Take a look at the pictures!

Talk to you tomorrow,
RMU LACROSSE

"A humbling experience"

(Members of the RMU men’s lacrosse team left Sunday for Guatemala, where they will be volunteering with an organization called Safe Passage that provides recreation, tutoring and other activities to underprivileged children.)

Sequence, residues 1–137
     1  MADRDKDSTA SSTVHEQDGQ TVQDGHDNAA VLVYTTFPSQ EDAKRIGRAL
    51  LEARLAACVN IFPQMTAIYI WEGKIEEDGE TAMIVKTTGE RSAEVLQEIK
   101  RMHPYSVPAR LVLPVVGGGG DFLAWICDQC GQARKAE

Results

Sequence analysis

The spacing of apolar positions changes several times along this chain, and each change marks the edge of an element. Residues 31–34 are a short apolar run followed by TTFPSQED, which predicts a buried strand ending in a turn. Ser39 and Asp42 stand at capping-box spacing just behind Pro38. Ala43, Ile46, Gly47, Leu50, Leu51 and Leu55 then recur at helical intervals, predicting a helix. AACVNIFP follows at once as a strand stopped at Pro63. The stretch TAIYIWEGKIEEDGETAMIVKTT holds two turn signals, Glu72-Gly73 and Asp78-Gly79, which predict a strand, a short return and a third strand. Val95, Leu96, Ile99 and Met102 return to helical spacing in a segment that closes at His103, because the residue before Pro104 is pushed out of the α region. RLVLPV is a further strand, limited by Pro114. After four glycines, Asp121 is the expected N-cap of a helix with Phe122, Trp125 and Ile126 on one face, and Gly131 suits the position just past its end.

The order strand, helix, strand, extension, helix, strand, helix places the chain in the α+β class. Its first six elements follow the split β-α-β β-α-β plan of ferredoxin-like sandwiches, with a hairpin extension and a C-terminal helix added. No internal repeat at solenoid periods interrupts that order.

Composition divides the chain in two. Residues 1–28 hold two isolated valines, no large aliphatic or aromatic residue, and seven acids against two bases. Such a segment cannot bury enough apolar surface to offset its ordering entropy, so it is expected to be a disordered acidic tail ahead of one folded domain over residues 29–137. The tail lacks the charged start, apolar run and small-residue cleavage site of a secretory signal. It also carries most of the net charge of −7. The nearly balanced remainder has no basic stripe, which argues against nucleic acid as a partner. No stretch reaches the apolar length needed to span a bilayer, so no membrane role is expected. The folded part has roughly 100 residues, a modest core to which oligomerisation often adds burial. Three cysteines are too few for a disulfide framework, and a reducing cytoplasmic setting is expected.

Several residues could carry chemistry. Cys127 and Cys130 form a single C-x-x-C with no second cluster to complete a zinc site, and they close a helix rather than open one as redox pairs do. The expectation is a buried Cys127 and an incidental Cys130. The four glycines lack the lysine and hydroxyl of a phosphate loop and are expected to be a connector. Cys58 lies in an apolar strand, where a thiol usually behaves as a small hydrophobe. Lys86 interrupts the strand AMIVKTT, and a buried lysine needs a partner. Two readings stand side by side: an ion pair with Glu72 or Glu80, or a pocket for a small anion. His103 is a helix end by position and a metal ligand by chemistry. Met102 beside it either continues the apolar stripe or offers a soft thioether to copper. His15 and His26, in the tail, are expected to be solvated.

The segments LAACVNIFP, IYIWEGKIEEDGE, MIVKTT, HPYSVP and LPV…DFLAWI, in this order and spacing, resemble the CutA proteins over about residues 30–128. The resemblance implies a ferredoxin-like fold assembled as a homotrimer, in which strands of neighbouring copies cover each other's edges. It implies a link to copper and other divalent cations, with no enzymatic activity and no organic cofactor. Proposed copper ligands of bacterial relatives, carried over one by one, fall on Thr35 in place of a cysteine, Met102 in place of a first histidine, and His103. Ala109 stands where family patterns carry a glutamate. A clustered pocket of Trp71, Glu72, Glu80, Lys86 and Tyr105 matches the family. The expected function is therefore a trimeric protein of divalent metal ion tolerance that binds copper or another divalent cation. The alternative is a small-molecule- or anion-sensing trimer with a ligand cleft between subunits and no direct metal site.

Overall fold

Yesterday was a pretty humbling experience. We started off with an hour long bus ride into Guatemala City where we saw some difficult things. The streets were very filthy, stray dogs were everywhere, and security guards with shotguns were at every corner. As a group, we felt a little out of our element. When we met Madeline, our tour guide, at our location, we immediately felt more comfotable inside the walls of safe passage. It was a sanctuary among an area of poverty. We met so many kids eager to learn and grateful for the opportunity that safe passage has given them. When the lacrosse sticks came out, the kids erupted with excitement. They were very coachable and were trying to take in as much knowledge as possible. Although we had a hard time communicating with the kids, Madeline and Lisa were there to translate and help as much as possible.